- Avid gamer

Application and Portfolio Guidelines
Online portfolios will suffice for the initial application, however you will be required to provide a full portfolio at interview stage. Please supply examples of:

- Thumbnails showing creative process
- Final concepts
- Emotive pieces, highlighting lighting and atmosphere.
- Subject matter we are interested in includes scenery (cityscapes as well as outdoor), items and weapons, characters and animals.
- Explain which parts are your work if the examples are from games or other collaborative work.
- You will need to be prepared to do a concepting test as part of our interview process.

If you believe that you are the right person for this position, please forward your resume by email to: and quote reference code DLF2D.

Interface Designer

Position Description
Micro Forté is looking for an Interface Designer with excellent skills in Adobe Flash and a passion for games. This role will be primarily responsible for designing and implementing a UI and HUD for our upcoming title. Other tasks will include design and implementation support for the web-based components. This role requires strong social and communication skills, and will require ongoing collaboration with the game design and art teams.

- At least two years of professional Flash experience
- Excellent personal and professional portfolio, emphasis on visual communications and motion graphics
- Previous experience with user interface design, games or web
- Passionate about, and having good knowledge of, graphical design trends and games culture
- Excellent technical knowledge of Adobe Flash, with an emphasis on Actionscript
- Comfortable working in a multi-disciplinary team
- Ability to work within a predefined style
- Strong communication skills

- Bachelor's degree (or equivalent) in Visual Communications / Multimedia
- Motion Graphics experience
- Previous Scaleform Experience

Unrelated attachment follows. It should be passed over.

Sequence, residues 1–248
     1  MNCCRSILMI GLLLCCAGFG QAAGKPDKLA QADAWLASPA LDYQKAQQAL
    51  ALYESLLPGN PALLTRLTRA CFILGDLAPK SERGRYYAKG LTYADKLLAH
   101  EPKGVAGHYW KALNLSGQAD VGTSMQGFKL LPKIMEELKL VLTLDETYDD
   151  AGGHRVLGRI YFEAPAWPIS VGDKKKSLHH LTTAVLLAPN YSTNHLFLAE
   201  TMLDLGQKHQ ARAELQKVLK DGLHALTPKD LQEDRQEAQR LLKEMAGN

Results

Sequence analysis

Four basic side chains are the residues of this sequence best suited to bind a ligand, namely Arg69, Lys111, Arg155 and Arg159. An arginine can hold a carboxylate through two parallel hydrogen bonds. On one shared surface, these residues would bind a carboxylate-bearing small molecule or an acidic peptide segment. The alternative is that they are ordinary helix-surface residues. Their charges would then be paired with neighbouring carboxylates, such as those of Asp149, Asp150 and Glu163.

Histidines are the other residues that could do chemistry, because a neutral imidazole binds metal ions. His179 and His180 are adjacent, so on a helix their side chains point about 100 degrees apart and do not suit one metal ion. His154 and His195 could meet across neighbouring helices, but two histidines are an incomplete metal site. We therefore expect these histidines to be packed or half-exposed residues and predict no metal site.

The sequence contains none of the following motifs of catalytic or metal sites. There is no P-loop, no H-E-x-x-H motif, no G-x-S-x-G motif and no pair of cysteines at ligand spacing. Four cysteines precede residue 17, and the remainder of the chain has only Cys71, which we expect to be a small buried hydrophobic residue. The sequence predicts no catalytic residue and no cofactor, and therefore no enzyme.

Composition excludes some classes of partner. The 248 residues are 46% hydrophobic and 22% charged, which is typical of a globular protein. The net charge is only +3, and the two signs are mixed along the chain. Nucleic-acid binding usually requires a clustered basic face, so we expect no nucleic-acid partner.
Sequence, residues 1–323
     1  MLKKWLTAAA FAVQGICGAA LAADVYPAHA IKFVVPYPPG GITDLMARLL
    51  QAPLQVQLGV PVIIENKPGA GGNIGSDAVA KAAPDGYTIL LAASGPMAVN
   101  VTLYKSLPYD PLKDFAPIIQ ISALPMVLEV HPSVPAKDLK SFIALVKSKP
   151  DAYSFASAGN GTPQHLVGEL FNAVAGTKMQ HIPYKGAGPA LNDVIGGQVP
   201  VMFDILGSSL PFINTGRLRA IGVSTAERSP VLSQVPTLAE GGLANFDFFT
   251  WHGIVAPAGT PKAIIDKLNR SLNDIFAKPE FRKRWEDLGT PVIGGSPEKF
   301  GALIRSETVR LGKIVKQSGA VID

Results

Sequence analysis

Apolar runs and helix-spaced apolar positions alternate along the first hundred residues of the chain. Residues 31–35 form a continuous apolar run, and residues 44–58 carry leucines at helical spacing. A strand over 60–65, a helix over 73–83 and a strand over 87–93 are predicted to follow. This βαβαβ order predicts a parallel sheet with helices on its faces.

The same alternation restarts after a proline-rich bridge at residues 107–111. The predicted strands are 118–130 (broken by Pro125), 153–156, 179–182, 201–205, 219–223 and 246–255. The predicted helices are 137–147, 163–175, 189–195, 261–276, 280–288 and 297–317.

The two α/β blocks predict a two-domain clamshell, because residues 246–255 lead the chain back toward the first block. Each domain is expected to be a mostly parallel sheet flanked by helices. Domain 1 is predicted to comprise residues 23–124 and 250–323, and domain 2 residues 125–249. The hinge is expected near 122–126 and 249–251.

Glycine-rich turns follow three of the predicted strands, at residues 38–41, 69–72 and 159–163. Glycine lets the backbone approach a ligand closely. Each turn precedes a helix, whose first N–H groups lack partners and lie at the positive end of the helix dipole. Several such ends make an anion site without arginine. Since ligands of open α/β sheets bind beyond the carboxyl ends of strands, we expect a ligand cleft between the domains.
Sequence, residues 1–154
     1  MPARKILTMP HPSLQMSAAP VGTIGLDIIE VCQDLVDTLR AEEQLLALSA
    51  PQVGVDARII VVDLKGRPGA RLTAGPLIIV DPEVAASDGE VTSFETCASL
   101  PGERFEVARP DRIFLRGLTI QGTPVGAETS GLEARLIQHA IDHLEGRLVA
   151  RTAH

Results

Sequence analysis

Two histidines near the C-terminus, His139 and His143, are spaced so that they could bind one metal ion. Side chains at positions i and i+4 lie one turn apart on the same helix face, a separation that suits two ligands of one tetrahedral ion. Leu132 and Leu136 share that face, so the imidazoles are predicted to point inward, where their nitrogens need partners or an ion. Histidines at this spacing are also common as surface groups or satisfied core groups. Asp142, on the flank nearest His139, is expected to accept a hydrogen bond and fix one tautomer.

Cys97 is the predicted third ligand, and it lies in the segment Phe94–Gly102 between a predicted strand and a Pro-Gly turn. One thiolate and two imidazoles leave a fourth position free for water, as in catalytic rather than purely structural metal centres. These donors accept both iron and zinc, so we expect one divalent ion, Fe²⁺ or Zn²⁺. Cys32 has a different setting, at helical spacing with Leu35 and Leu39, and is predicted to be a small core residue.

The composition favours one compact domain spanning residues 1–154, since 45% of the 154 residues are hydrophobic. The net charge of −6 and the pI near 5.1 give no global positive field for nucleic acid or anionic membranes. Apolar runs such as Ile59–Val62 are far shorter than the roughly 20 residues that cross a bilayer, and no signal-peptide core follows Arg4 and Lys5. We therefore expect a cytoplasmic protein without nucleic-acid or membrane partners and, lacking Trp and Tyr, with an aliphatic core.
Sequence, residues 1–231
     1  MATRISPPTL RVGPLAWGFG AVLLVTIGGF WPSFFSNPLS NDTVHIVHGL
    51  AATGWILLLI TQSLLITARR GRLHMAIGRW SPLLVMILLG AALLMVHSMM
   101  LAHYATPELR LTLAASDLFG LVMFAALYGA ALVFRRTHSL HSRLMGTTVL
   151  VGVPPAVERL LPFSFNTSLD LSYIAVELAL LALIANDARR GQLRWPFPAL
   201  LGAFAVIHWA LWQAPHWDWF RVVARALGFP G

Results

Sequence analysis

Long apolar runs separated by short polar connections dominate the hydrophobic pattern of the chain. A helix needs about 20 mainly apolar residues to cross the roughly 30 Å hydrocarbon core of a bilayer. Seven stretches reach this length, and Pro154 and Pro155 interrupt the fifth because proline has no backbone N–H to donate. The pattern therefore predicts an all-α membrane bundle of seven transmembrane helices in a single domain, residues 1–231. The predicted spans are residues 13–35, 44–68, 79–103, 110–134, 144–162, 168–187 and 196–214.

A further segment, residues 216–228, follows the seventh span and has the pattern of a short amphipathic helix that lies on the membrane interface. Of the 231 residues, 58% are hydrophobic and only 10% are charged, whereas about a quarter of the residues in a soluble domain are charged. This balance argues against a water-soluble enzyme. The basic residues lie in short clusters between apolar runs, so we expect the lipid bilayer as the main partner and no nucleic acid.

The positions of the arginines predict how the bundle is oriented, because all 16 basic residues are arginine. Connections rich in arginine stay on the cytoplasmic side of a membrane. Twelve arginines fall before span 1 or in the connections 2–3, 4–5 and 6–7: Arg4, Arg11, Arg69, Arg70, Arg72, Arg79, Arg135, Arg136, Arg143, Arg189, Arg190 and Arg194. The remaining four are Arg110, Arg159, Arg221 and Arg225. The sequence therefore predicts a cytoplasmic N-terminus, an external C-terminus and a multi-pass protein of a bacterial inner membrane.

- Avid gamer

Application and Portfolio Guidelines
Either online Portfolios or CD/DVD, presenting a full portfolio at interview stage. Please supply examples of:
- Examples of creative process
- Final concepts
- Motion Graphics
- Breadth of Style
- Please specify which are your work if examples you present are from games or other collaborative work
- You will need to be prepared to do an art test as part of our interview process

If you believe that you are the right person for this position, please forward your resume by email to:

Senior 3d Modeler

Position Description
Micro Forté is looking for a senior 3D artist who has strong artistic and technical skills, complemented by at least three years experience in asset generation for titles on PC or console. The ideal candidate will have experience in concept art, modelling and texturing assets and the ability to innovate to create the best possible visuals within project constraints such as memory budgets, lighting models, modular content and looming deadlines! This role will include establishing modelling benchmarks and aiding the development and implementation of a variety of assets, from characters to set-dressing.

- Extensive hands-on 3dsMax skills
- Strong artistic and creative skills as well as technical insight